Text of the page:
Heavily redacted versions of ArriveCan documents submitted to a House of Commons committee in December 2022 ‘block’ MPs’ inquiry into the app’s $54million price tag, said Tory MP Kelly McCauley, who is also chair of the committee.
“I am very concerned that documents are being redacted, blocking our ability to see what the government was actually buying and how many units. All we get is a lump sum price,” McCauley told The Globe and Mail.
“I suspect the committee will likely bring another motion requiring unredacted documents.”
Government contracts and development costs associated with the ArriveCan app are currently under investigation by the House of Commons Standing Committee on Government Operations and Estimates (OGGO), which has begun its study on the question in October 2022.
On October 17, the committee asked the Canada Border Services Agency (CBSA) to publish ArriveCan’s lists of subcontractors and invoices by October 31, but the federal agency failed to comply with the deadline due to delays in translation of invoices.
CBSA President Erin O’Gorman told the committee Nov. 14 that the agency did not have a list of contractors who worked on ArriveCan.
“We just have information relating to who held the contract directly with CBSA or PSPC [Public Services and Procurement Canada],” she said.
O’Gorman’s comments came nearly two weeks after a majority of House MPs voted Nov. 2 in favor of Auditor General Karen Hogan conducting a thorough review of the federal government’s $54 million spending. for the app.
Liberal MP Anthony Housefather, a member of the OGGO committee studying costs and Parliamentary Secretary to the Minister of Public Services and Procurement, told The Globe he believed the CBSA should provide documents that give unredacted descriptions services provided by individual entrepreneurs.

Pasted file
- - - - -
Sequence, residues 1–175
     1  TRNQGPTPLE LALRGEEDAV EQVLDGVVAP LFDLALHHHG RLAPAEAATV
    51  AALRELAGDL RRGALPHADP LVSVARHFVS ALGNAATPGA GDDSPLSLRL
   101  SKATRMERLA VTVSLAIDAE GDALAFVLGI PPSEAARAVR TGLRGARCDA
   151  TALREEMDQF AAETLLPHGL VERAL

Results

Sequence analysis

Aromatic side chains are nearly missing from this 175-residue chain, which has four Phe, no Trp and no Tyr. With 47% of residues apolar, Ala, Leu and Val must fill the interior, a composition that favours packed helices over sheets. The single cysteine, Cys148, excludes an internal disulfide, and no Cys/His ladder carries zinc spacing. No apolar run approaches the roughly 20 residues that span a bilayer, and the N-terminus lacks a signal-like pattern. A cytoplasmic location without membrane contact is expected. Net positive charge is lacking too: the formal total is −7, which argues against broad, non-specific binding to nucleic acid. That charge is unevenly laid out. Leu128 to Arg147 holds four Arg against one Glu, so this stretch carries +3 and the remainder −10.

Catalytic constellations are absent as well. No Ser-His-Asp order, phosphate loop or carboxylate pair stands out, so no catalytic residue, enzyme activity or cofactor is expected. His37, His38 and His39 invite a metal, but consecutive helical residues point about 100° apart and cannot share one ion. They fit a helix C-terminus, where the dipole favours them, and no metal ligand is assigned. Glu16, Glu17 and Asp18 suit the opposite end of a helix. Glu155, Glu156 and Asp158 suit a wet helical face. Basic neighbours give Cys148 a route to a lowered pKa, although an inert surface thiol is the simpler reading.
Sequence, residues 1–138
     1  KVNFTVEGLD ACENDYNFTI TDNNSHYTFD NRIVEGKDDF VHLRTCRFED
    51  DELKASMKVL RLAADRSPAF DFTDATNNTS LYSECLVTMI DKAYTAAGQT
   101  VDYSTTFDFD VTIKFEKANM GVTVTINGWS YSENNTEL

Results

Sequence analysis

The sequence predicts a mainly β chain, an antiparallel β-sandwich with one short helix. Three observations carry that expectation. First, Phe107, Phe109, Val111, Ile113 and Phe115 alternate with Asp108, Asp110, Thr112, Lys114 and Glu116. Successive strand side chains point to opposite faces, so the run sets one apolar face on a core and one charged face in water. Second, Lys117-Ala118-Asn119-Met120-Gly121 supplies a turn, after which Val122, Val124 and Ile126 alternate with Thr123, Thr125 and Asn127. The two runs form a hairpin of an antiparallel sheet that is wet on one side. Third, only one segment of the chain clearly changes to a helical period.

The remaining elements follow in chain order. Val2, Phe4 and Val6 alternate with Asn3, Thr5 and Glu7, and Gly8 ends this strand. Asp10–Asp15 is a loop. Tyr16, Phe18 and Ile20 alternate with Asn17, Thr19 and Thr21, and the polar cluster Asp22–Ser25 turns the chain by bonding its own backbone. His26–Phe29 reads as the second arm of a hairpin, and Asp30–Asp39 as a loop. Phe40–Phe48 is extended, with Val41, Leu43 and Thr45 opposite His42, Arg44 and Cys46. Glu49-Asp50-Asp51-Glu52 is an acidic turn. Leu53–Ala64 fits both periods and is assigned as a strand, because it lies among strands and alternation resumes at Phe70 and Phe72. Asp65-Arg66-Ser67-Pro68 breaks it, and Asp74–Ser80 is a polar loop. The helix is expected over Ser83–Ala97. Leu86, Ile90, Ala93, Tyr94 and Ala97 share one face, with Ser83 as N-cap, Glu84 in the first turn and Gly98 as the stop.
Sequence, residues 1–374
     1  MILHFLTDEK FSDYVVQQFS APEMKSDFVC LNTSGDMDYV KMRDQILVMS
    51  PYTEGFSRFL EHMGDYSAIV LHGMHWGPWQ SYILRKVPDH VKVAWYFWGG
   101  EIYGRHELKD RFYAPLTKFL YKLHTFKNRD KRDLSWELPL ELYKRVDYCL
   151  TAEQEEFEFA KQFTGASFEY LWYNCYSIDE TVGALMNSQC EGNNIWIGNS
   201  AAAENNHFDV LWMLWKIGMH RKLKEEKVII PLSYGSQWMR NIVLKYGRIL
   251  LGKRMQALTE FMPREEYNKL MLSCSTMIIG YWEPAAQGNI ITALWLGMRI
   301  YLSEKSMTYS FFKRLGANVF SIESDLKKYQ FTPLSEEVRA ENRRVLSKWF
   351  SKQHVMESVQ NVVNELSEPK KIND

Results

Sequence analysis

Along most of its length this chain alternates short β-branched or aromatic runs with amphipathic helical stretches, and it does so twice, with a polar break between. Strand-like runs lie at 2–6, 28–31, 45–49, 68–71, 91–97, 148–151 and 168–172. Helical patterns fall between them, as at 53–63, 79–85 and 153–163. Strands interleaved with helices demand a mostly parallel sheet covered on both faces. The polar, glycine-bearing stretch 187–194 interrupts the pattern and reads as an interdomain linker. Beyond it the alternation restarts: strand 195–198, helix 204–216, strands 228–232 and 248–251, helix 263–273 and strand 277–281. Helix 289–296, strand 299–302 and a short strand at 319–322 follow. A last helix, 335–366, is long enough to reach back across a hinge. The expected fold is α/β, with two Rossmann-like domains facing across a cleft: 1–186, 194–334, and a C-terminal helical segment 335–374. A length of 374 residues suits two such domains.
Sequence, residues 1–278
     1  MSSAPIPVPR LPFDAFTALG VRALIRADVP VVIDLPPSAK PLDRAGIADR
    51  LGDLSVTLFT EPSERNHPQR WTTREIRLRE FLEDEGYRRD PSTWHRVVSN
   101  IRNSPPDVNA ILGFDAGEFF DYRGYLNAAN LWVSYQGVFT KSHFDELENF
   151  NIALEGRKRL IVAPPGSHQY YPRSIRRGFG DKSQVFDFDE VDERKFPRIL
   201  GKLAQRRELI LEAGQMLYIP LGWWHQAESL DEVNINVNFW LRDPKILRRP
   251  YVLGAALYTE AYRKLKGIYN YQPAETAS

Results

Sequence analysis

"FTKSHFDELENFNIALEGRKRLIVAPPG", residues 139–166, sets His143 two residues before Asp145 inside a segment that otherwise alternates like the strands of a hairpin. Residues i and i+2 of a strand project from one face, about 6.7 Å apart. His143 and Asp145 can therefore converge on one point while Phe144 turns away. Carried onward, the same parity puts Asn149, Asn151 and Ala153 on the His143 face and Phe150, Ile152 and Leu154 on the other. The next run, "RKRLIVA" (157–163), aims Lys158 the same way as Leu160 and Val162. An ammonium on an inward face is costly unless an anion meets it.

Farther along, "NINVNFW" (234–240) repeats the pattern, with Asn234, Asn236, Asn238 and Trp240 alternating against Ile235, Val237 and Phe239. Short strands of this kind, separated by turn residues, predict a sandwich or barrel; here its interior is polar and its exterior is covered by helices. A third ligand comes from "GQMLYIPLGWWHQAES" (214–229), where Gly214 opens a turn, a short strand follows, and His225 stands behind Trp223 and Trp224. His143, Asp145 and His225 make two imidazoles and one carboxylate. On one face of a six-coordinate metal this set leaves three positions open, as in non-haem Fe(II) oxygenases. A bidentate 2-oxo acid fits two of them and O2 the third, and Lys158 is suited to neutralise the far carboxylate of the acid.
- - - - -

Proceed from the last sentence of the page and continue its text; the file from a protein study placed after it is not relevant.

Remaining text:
“We should have a clear view of exactly what was paid in each case, and I would welcome a request to receive that information in an unredacted format,” Housefather said. “Provided that any commercially confidential information…is kept confidential by the Committee and not made public.
The OGGO committee has yet to quiz federal ministers on ArriveCan’s costs after a motion McCauley introduced in October was revised to remove the section calling for at least five ministers to appear before the committee and respond to questions.
McCauley told The Epoch Times in a previous interview that the decision was “a blow to transparency.”
“It’s another kick in the face of the taxpayers who have to shell out all this money for a relatively small app,” he said Oct. 17.
The CBSA said in a previous email that the government only spent $80,000 to build and launch the ArriveCan app in April 2020. The total price rose to $54 million due to operations and maintenance, upgrades, technical support and other requirements over the past two years. years, said the CBSA spokesperson Sandra Boudreau.
“ArriveCAN is not just an information sharing app, it’s a secure transactional tool that uses industry standards,” she wrote on October 17.
MPs on the OGGO Commons committee questioned former CBSA chairman John Ossowski on Dec. 8 about ArriveCan’s costs and contracts.
Ossowski, who served as president of the CBSA from 2016 to June 2022, told the committee he was unsure whether the initial development work on ArriveCan was done in-house or outsourced to the department.
“Could the version we have today have been made for less money?” asked Tory MP Michael Barrett.
“If we were to come back to this, I’m sure there would be things the department would be willing to hear about as we move forward,” Ossowski replied.
“Looking back, I would say we were moving very fast.”